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Brighton Rock remake

BrightonRock.jpgBrighton Rock is to be remade, and for those of you who don't know, this is a classic film adapted from the Graham Greene on his screenplay for John Boulting's 1947 film starring Richard Attenborough and Carol Marsh. It's very notable for Attenborough's amazing performance which is very against type and allows him to play a rather nasty gangster.

Now the film is set to be remade, and thankfully it's by a British cast, with Attenborough being replaced by Sam Riley and Marsh by Carey Mullilgan. The film will be adapted by Rowan Joffe who will also direct, but he says he's not remaking the film.

Instead Rowan Joffe is insistent that he's returning to the novel for his Brighton Rock, the source of the story, rather than remaking the film directly, something which should please film and book purists galore, as well as straight film fans who love Brighton Rock and Richard Attenborough's superb performance.

The story sees a small time gangster called Pinkie, played by Attenborough, who is running a protection racket based at a Brighton racecourse. He orders the murder of a rival and the police are convinced enough to believe that it is suicide. However one woman doesn't believe it was suicide and was with him before he died, while investigating she discovers that one person knows the truth, a waitress called Rose, played by Carol Marsh.

Pinkie sees a quick way out, marry Marsh and keep her quiet. However at the same time his gang are beginning to doubt that he can carry out the running of the racket, and his rivals are drawing closer and putting more pressure on him, and as this happens he begins to get more and more desperate.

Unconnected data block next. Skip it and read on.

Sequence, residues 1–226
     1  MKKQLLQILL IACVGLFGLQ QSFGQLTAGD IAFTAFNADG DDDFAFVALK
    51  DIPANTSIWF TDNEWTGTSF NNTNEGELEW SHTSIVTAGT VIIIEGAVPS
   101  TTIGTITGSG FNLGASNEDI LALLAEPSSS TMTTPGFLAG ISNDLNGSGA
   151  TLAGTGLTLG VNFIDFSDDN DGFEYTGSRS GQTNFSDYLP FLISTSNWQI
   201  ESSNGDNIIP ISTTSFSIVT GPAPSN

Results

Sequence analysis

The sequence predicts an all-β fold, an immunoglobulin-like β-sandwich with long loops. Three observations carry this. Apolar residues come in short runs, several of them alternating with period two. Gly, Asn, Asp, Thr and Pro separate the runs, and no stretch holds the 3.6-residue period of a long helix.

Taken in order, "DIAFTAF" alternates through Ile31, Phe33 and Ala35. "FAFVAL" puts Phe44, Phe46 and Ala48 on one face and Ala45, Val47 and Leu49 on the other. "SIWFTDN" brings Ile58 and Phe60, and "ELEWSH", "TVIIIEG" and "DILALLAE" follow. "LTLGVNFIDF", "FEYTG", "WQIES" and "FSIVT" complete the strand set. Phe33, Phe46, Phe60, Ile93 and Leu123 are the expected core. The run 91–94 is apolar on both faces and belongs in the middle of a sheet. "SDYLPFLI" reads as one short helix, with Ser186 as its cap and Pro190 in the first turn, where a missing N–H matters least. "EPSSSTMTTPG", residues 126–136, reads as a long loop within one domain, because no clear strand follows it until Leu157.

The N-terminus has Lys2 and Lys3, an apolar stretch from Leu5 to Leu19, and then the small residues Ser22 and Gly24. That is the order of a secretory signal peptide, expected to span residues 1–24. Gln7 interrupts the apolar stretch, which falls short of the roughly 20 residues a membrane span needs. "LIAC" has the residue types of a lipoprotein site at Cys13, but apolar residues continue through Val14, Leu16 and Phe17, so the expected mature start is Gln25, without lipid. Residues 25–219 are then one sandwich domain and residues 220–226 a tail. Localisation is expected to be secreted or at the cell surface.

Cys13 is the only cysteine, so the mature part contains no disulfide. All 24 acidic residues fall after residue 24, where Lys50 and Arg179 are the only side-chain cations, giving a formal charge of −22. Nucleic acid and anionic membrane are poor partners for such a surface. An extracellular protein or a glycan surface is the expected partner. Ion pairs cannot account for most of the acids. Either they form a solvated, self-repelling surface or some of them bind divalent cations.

That's the film plot, having not read the novel I can't say how different a film inspired by that plot would be over a remake of the film. One thing we do know is that the story won't be taking place in the 1939 of the novel, instead it's an equally surprising 1964. The different hasn't really hit home with me, I'm not entirely sure why the date has been moved forward, that was until I read the story in The Daily Mail.

The reason that the setting is in 1964 is to take advantage of a gang era of that time, the Mods and the Rockers.

Sam Riley would seem rather a good choice to take over the role, although I would have thought a more unexpectedly bad actor would have been better, someone you couldn't believe was going to be bad. You know who I would have wanted? Daniel Radcliffe, now that would have made a superb choice for the role.

Speaking through Variety, Rowan Joffe says of his decision:

“I'm adapting the book, not remaking the film...It is one of the greatest English novels ever written and just like with a Shakespeare play, it deserves to have more than one adaptation.”

Well that is true, and Graham Greene is a truly great novelist. However the move to the Mods and Rockers era does suggest that the new film version is going to take a very different twist. Joffe talks about the new film and why the novel couldn't be properly adapted and the full story told back then.

“The mores and censorship at the time the first film was made meant the film-makers were not able to explore the violence in the book and we need to get away from that era to fully explore the truth of the story...

...The essence is that Pinkie wants to kill a girl he fancies. He's a teenager full of hormones and now I can show the truth of that...”

Speaking of the new setting for the film he said that it was...

“...a real head-long plunge into sexual modernity.”

With him describing the character of Pinkie as a psycho sexually-abused kid who has become a cold-blooded killer, really does show you why the update was necessary and that the character would thrive much more in this time.

Another reason is that the death penalty was still being used at this time, and that has an important hold over Pinkie. He sees that he could hang, and rather than that he sees his way out to marry the witness.

It's an interesting idea and surprising that the modernisation has only gone so far, but it's also an interesting time to set it in. Riley and Carey Mullilgan will also pull in a younger audience, and I'm keen to see how this remake works out, but then I can't help wondering if a 1939 version could still have been made and still be true to the novel, after all the censors nowadays are not those of the late thirties.





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